Most importantly of all, the Bruins have a nine-point cushion for a wild card spot, sit four points behind the top wild card and spot and are just six points behind the Toronto Maple Leafs for the third playoff spot in the Atlantic Division. The Bruins are in striking distance to rise in the standings and they’ve only just begun to truly start realizing this group’s potential.
“I like the way that we’ve improved over the last month or month-and-a-half,” said Boston Bruins captain Patrice Bergeron. “I think we’ve striving in the right direction. There’s always work to be done and always improvements in areas, but overall I like where we’re at. I think we’ve climbed our way back up and it’s a positive sign for the second half.
“You want to keep climbing and keep gaining ground on the teams that are up there. You want to keep catching up to them.”
The issues with the Boston Bruins roster, though, are well-documented and factor into their wish list at the NHL trade deadline. They have not replaced Krejci even as Haula has done a serviceable job as a stopgap No. 2 center and really played some good hockey in January while in a plum role centering Hall and Pastrnak.
We won’t really get into the goaltending here because the assumption is that situation will play itself out in the first month following the All-Star break.
And the Bruins are going to run into a similar problem to last spring’s playoffs where they’re going to be asking McAvoy to do way too much by himself while getting physically pounded, as happened in the second round against a strong Islanders group. The left side of Forbort, Reilly and Grzelcyk isn’t Stanley Cup caliber now, and it’s definitely not going to be deeper into the playoffs where attrition and stifling forechecks are a way of life.
Claude Giroux and JT Miller are the names heard most often as No. 2 center options for an eventual David Krejci replacement as it seems to be dawning on people that No. 46 isn’t coming back this season.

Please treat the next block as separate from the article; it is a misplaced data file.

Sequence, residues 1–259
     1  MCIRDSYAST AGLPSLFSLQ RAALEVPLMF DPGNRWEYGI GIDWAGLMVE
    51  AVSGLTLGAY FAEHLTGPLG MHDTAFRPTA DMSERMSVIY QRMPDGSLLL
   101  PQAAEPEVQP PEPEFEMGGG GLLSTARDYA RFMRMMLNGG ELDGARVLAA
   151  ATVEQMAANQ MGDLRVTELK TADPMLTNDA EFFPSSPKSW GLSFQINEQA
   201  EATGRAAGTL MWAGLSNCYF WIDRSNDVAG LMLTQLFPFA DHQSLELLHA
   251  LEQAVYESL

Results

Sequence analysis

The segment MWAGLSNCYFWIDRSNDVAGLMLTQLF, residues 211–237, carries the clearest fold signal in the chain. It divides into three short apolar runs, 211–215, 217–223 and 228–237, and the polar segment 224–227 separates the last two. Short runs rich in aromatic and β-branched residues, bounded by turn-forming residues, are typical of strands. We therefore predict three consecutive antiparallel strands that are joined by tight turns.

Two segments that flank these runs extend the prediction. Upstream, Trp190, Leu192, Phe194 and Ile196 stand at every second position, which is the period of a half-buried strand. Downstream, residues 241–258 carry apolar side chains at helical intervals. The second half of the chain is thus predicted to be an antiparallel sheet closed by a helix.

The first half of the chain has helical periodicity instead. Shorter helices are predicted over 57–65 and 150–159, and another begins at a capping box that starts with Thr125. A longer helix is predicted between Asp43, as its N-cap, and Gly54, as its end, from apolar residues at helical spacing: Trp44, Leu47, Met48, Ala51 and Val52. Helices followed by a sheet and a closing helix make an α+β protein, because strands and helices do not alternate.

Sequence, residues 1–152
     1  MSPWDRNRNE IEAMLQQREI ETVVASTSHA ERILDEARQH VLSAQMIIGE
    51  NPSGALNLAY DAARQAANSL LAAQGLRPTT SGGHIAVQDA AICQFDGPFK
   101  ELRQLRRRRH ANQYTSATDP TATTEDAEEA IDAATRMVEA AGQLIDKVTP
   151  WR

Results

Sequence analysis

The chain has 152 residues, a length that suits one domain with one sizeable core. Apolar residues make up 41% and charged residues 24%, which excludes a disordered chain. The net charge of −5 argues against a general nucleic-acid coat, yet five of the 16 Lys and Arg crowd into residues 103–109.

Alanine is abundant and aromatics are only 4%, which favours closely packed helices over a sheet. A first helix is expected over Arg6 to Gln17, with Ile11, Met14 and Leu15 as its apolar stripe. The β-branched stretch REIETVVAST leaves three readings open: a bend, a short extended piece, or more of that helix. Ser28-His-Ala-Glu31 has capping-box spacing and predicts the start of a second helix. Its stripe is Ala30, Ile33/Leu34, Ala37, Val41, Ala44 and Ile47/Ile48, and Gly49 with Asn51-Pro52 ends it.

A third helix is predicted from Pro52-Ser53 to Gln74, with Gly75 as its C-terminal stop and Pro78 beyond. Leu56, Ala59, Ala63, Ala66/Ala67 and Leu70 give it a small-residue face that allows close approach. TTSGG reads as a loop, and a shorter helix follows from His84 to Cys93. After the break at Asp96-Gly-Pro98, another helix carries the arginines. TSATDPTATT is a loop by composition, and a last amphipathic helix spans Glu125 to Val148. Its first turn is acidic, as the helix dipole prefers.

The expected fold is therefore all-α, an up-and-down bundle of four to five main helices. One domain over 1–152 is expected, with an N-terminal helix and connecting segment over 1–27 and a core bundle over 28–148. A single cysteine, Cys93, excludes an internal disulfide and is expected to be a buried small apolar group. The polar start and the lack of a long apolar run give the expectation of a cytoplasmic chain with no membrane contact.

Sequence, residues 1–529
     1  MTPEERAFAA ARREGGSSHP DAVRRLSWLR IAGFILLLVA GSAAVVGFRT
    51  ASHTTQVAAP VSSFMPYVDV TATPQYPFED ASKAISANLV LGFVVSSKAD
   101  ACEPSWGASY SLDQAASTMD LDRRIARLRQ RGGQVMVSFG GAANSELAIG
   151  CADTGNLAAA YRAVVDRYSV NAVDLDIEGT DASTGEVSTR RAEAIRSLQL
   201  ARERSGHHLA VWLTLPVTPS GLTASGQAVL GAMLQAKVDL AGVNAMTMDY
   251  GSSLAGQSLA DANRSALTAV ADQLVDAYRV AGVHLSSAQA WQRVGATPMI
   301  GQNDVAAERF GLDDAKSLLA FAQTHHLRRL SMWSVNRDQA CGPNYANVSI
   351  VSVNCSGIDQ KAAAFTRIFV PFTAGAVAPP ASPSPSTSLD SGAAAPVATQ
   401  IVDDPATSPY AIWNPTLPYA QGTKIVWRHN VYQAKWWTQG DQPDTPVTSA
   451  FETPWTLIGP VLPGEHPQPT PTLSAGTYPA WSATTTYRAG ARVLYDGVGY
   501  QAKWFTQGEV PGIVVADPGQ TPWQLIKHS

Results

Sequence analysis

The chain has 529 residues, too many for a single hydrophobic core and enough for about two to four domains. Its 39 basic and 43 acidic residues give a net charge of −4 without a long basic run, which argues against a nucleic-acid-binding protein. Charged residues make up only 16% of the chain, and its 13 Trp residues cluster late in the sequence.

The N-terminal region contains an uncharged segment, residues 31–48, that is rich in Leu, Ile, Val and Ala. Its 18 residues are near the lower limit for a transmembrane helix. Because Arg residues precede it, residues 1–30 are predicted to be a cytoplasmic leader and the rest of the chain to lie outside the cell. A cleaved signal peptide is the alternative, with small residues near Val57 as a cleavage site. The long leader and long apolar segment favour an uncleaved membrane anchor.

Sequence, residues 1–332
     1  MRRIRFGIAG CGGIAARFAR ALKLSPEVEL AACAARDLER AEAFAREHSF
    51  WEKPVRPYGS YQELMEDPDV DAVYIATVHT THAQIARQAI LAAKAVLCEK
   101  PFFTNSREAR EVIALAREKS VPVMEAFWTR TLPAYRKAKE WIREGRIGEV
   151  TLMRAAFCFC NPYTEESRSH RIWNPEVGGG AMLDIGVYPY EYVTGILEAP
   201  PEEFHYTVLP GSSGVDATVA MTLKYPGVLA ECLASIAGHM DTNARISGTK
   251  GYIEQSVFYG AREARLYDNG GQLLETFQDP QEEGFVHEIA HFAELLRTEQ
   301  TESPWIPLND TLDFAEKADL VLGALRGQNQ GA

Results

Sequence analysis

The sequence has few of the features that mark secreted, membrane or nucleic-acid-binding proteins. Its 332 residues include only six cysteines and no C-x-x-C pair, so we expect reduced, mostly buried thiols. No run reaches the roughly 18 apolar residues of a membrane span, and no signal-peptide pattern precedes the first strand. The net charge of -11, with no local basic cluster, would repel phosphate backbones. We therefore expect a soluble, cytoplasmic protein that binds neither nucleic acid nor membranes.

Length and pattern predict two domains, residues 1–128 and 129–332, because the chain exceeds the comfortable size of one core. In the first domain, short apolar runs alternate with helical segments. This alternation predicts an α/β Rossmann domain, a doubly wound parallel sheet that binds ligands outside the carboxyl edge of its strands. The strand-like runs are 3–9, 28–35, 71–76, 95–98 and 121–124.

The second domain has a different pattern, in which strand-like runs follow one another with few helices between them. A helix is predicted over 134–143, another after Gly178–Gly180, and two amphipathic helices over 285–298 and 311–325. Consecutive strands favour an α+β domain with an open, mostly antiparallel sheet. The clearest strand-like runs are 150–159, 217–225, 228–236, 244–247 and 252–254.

Jakob Chychrun is the other big time need as a top-4 left shot defenseman that can play top pairing minutes, can mix it up physically and defend against top players and is able to move the needle offensively as well.
It remains to be seen if the Boston Bruins have the cap space and/or the assets to bring in both of those big-time targets. They will free up nearly $4 million in cap space when they move a disgruntled Jake DeBrusk and will add to the roughly $1.68 million cap space they currently have, according to our good friends at PuckPedia.
They have potential trade assets like Jack Studnicka and Urho Vaakanainen but wouldn’t be crazy enough to even entertain thoughts of dealing away top prospect Fabian Lysell as he’s lighting up the WHL with the Vancouver Giants. Don Sweeney should also be very wary of dealing Boston’s first round pick as he attempts to build back up a prospect cupboard that’s gone bare in recent seasons beyond a top level of prospects.
But there’s one other undeniable X-factor here: How much is the end of this season going to impact Patrice Bergeron’s future in Boston? If it’s a disappointing first round exit in the playoffs, could that be a deciding factor for Bergeron between re-upping with the Boston Bruins or heading off into retirement after logging heavy miles over the last 18 seasons?
Will the Bruins feel added pressure to load up this season not knowing whether it’s the last with Bergeron and Marchand, with a Bergeron retirement absolutely closing the window on Stanley Cups for the next few seasons.
These are difficult times for the Boston Bruins when it comes to balancing the short term and the long term and coping with a Stanley Cup window that’s much closer to slammed shut than it is to being fully, wide open.